Cubs: Brennen Davis, a two-star athlete who picked baseball
The Chicago Cubs’ Brennen Davis was a two-star athlete who picked baseball over basketball. I’d say it was the right call.
The Chicago Cubs‘ Brennen Davis. Was it going to be basketball or baseball? After guiding Basha High School (Chandler, AZ) to a 6-A hoops title and getting the 2017 regional defensive player of the year, he hooked up with baseball in the summer and ditched basketball. I’d like to get a regional player of the year–or head up a 6-A championship–but I was the player who averaged five to 10 minutes. Oh, well. I was on the state runner up for Class-C–River Valley Mustangs. Good. No?
He had a hamstring injury, but 2020 was the year that he was going to break out. And the COVID-19 hit and the MiLB season was canceled. So it’s 2021, but it’s coming. The Cubs had planned on Davis to start in center field in Class-A Myrtle Beach with a chance for promotion to Double-A Tennessee.
When that became out of reach because of the coronavirus, he was added to the 60-man player pool. He won’t make his way to Wrigley Field–for now–but he’ll be facing stiffer competition that he was down on the farm.
"“We want him to see as much live pitching as possible. Almost all of the pitchers we’ll have up there are potential Major League depth. Even if it’s standing in on pitches during bullpens, then live batting practice and scrimmages, he’s going to get the opportunity to stand in versus some very polished professional pitchers, learn to manage at-bats, deal with failure, all normal things he’d get to experience in a normal Minor League season.” h/t Jim Callis, MLB.com"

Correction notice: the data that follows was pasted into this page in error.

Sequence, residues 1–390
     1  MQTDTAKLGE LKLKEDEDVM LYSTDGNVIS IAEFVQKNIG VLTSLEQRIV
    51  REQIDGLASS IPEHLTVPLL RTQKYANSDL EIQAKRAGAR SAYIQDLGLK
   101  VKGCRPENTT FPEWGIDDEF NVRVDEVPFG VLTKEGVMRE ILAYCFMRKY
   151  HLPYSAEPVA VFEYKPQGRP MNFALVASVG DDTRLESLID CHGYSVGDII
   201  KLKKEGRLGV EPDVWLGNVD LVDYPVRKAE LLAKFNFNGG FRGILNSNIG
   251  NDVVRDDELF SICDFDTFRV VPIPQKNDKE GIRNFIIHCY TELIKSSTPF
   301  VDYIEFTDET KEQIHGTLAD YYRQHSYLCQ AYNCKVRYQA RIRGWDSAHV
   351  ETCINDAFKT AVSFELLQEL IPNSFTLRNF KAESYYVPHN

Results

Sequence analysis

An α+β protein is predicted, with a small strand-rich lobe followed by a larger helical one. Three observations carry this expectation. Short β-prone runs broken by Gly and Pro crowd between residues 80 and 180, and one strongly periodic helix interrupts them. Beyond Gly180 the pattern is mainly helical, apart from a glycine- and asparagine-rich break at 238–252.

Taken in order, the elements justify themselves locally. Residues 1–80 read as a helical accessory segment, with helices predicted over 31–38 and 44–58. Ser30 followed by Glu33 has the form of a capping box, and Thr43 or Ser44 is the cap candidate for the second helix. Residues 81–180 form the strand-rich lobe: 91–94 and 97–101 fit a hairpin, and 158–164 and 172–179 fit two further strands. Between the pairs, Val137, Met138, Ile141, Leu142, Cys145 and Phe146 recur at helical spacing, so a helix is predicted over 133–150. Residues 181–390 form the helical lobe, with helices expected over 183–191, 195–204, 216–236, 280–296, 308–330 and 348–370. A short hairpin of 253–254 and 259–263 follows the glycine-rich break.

He batted .305/.381/.525, with eight home runs in 50 games. Do you know what that leads to? Cubs Minor League player of the year. Not bad for a guy who has 276 pro appearances at the plate.
He has impressed with his work ethic, as well. Putting on 35 pounds–settling him at 208. He has some long arms (6-foot-4) who add some depth to his right-handed swing. Using the entire field and making adjustments to his stroke has been his forte.
Living in Arizona, he was fortunate to where he can lift weights and hit. Also, playing at South Bend? He hoped he bid adieu to Four Winds Field. But when it was revealed he was part of their taxi squad, he was into it.
"“Pitch recognition, definitely,” he said. “Routes in the outfield can always be cleaned up, just being the best outfielder I can be. Baserunning, being more aggressive and trusting my instincts. Just continuing to solidify my swing mechanics and not be afraid to take chances."
The ‘breakout’ may come a little bit later than they hoped. But they’re counting on it. If he doesn’t have the finger or the hamstring issues? Lookout. He’s due.